Meanwhile, real time bidding (RTB) for display inventory offerings steadily increased, and programmatic display advertising continued to show results rivaling direct search queries, which are generally believed to be as targeted as it gets due to capturing the exact interest displayed by the consumer.
Show Me The Money!
Nina Hale, Inc., has been a big believer in targeted advertising for a long time. We first started advertising on Facebook in 2006, showing ads for “music college” to 17-22 year-olds who liked playing in bands, drumming, etc. These achieved a cost- per-lead of 25%, comparable to the rate of a similar lead on Google AdWords. We’ve been hooked ever since.
A few NHI targeting highlights from 2013:
- Targeting gun enthusiasts, motorcyclists, and military veterans in Facebook for a client with a treatment for hearing damage. We decreased costs by 400% while improving the conversion rate by 150%.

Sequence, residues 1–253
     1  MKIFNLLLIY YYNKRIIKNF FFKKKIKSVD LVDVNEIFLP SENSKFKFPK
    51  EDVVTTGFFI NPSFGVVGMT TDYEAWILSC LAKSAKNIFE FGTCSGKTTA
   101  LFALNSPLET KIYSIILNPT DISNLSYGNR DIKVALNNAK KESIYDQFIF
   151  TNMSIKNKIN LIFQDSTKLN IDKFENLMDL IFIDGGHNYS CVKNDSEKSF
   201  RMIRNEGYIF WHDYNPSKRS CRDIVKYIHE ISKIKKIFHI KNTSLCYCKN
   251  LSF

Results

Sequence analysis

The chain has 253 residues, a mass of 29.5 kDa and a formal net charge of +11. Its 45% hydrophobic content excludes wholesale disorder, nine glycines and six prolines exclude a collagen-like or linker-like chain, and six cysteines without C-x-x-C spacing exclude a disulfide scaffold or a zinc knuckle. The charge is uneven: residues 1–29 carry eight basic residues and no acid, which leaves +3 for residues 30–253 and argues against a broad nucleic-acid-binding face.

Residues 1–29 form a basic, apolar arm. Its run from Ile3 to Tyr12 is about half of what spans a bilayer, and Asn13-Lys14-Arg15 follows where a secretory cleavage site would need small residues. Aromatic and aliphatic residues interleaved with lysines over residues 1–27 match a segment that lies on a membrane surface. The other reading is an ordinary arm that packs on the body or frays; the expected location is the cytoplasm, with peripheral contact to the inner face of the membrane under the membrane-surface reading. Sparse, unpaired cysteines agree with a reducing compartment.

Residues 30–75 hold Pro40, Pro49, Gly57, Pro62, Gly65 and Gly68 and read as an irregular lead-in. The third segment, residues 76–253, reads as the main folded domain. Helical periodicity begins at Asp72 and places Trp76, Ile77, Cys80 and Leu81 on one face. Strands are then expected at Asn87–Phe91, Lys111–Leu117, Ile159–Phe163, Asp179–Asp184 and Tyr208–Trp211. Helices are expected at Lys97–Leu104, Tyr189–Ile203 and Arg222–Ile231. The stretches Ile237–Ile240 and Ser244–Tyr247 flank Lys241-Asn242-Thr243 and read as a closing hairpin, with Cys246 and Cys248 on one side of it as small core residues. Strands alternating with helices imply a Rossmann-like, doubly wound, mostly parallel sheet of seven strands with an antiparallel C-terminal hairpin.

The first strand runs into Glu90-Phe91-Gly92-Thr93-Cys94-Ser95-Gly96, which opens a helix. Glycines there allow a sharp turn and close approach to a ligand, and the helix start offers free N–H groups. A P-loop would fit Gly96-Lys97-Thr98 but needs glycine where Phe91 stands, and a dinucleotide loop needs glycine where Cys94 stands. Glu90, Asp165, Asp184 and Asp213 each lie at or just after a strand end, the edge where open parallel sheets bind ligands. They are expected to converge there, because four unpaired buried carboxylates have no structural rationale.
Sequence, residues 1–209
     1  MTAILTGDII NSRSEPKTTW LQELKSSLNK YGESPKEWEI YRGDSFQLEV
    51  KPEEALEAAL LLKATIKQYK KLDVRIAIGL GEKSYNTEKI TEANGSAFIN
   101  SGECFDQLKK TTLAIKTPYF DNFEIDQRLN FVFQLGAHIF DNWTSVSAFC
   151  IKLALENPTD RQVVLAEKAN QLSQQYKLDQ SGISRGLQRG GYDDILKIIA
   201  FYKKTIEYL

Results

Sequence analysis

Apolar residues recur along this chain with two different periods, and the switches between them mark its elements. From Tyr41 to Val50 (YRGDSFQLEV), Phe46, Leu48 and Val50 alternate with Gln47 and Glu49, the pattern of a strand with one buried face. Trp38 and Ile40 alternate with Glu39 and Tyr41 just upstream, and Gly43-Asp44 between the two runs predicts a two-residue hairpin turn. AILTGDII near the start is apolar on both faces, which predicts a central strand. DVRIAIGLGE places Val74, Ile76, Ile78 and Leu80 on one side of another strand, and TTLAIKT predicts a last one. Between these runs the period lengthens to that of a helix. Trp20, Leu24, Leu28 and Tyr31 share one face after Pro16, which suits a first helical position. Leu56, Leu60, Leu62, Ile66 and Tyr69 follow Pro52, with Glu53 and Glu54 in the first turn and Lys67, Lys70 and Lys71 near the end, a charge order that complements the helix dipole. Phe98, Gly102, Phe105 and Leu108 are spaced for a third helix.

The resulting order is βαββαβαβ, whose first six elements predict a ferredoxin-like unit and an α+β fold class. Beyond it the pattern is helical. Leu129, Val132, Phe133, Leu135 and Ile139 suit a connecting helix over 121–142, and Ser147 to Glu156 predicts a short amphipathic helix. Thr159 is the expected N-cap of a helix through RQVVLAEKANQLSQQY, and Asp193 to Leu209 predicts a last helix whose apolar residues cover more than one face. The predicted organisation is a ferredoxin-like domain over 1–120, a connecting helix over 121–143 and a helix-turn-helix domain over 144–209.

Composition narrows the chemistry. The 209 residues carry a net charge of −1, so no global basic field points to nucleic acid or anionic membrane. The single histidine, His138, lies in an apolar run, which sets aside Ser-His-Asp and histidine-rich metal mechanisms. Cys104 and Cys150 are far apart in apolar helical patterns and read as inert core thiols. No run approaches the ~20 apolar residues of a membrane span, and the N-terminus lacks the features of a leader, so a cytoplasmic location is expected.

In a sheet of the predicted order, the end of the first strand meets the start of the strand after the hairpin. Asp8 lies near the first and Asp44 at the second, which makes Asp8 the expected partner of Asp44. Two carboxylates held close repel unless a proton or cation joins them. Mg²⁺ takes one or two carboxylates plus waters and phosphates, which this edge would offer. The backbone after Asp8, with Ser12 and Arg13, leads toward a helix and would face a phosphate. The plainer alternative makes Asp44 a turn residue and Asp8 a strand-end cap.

- With an Enterprise client, we targeted non-converting site visitors for one brand website with display and search messages for a different, yet complementary brand. This ability to take a multistep / multi-website approach ensures that we continue a relationship with potential customers guiding them to exactly the best product or service for them.
- We targeted tweets to users who had tweeted about a TV show they had watched, where we knew the client’s ad was showing. The cost-per-lead matched that of the highly targeted, but limited paid search segment.